When I'd finished this song and "Karma Frog" I knew I was going to be able to make the album I had in my head. They were among the first to be written and in those two songs, I managed to get the lyrics just the way I wanted them, despite having to tell fairly complicated stories in each. I was especially proud of the line about the missing part of the Hollywood sign being a metaphor for the guy in the song. I remember playing those songs for the band for the first time (this one on piano for some reason, the first and last time it was ever performed that way), and Robert going, to my great relief, "damn. This is going to be a great album!" "Yes!" The band couldn't wait to get started on it. That's the kind of teamwork and attitude we all had going on for this recording.

We recorded two versions of this song. On the first one, I didn't bring my guitar rig and I didn't really like the tinny Telecaster I used on the session, and I thought the drums could have a deeper pocket, so we recorded it again. We did all the overdubs on that and then we trashed that and went back to the first one, and did them all again. Such was the LUDLOW 6:18 album. Every note didn't have to be perfect, but it had to FEEL exactly right. When we revisited the song on DAYLIGHT KISSING NIGHT, we were actually able to graft the two versions together, with a few very minor additions (subtle keyboards, acoustic guitar and a tambourine), which would have done in 2001 if we'd had the technology; to compensate for the flaws in the track we wound up really overcompressing the song on the album.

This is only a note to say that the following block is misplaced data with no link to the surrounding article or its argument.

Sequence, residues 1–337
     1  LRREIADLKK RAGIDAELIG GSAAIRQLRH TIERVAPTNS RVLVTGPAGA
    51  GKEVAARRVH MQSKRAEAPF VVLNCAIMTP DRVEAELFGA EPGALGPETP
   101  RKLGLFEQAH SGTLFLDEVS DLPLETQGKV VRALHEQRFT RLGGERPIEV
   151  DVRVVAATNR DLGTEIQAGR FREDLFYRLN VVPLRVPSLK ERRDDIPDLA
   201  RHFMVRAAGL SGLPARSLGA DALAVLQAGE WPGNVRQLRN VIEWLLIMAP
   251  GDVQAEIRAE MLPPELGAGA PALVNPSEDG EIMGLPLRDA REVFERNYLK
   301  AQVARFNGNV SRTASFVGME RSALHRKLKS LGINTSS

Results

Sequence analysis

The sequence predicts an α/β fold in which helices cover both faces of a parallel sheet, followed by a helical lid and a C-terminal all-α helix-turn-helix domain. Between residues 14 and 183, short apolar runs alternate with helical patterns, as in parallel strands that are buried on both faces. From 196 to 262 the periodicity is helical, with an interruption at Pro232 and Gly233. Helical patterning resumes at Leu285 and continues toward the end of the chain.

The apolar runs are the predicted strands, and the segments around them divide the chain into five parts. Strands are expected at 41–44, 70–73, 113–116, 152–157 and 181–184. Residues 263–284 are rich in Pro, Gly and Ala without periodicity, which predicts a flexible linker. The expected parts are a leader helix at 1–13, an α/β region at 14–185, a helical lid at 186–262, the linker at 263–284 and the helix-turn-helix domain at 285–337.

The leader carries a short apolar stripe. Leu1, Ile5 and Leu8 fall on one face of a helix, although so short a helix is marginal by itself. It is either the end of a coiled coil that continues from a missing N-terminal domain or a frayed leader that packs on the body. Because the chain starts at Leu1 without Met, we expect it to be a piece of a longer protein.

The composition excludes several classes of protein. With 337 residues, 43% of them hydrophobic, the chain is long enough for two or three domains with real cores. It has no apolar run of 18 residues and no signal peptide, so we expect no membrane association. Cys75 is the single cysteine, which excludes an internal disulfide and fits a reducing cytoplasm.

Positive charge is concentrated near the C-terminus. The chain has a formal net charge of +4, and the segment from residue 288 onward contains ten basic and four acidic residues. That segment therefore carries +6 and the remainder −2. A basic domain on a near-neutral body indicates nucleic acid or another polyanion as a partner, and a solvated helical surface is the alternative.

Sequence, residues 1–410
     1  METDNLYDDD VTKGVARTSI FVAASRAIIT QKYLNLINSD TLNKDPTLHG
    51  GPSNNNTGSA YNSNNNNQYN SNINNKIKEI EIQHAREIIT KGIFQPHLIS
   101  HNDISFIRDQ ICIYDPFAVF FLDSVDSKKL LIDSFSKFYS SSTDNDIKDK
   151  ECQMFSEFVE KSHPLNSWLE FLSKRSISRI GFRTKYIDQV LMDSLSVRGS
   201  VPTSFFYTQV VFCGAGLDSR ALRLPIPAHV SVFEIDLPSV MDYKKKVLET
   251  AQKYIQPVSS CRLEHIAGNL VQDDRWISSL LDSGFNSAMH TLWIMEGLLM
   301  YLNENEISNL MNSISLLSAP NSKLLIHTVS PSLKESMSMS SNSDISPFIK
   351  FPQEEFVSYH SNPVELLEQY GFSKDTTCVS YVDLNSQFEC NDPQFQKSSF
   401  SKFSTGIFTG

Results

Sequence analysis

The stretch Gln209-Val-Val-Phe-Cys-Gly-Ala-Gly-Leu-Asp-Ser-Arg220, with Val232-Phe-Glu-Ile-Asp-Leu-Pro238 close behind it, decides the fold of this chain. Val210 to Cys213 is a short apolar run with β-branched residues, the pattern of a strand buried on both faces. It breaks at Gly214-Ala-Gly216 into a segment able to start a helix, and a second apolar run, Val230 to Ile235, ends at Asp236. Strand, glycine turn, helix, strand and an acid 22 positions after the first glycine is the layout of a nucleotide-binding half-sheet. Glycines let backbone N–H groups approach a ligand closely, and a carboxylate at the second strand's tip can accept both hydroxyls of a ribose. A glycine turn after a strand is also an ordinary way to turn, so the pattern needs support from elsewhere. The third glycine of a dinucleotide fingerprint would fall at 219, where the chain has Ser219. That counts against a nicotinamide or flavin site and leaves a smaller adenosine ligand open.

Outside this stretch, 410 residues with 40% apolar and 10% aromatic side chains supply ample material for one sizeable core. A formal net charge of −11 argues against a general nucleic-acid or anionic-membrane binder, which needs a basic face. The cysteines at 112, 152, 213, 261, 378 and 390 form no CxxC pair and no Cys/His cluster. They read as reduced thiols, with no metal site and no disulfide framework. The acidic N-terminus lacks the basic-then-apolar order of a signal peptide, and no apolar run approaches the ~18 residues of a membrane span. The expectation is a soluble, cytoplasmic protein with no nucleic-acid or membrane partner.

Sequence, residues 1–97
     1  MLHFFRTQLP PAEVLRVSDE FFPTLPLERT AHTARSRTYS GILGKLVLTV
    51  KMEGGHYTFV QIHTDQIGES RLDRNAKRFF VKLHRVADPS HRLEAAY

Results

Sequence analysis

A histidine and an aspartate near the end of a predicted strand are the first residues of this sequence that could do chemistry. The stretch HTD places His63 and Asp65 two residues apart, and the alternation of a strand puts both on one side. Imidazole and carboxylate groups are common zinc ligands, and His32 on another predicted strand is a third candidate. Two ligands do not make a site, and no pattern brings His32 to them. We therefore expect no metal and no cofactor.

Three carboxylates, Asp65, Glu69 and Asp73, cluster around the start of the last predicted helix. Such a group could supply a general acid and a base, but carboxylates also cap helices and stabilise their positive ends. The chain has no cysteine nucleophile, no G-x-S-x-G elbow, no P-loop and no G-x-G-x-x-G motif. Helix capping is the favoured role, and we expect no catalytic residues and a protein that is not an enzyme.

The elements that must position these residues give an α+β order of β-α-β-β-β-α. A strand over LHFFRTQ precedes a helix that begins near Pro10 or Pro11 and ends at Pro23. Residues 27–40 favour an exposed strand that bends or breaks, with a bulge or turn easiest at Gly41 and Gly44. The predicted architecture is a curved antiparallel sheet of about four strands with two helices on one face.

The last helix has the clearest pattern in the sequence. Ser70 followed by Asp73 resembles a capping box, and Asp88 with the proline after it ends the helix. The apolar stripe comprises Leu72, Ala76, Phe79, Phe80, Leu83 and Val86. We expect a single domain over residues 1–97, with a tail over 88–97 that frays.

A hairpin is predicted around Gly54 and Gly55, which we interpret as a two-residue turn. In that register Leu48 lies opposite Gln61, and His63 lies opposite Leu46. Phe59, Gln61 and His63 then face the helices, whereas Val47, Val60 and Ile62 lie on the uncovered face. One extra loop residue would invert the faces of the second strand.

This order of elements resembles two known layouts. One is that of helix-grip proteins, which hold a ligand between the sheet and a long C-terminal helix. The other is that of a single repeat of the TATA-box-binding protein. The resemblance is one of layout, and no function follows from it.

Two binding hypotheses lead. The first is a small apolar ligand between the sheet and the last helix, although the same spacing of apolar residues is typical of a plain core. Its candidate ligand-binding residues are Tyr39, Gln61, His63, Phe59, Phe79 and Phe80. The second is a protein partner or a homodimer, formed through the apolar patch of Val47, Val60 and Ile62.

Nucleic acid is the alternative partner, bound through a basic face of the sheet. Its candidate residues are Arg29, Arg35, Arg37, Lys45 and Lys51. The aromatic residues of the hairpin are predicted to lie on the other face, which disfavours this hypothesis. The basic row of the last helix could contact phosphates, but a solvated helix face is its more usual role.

Ludlow 6:18 is not a passage from the Bible, as I'm often asked, sometimes by actual Christians, which I find disturbing. Like, the Book of Ludlow? Hello?!? The song and album are named after a real town in the California desert (6:18 was chosen for dusk time at fall), the last little town you go through heading east on I-40 (and, in olden days, Route 66), before you hit about 100 miles of nothing. [Insert symbolism here] I had the title of the album before I had much else -- holding on to that image of the car driving through the desert at sundown helped keep me in the mindset of writing about loss and nostalgia for insignficant moments in our lives. The story of a disillusioned musician leaving Los Angeles for the last time, destination unknown, provided the frame for the rest of the record. If you think of it as a concept of the album, the beginning and end of the album are the last things chronologically (The overture "Ground 0:00" is actually the ending of the story); the songs in between are flashbacks.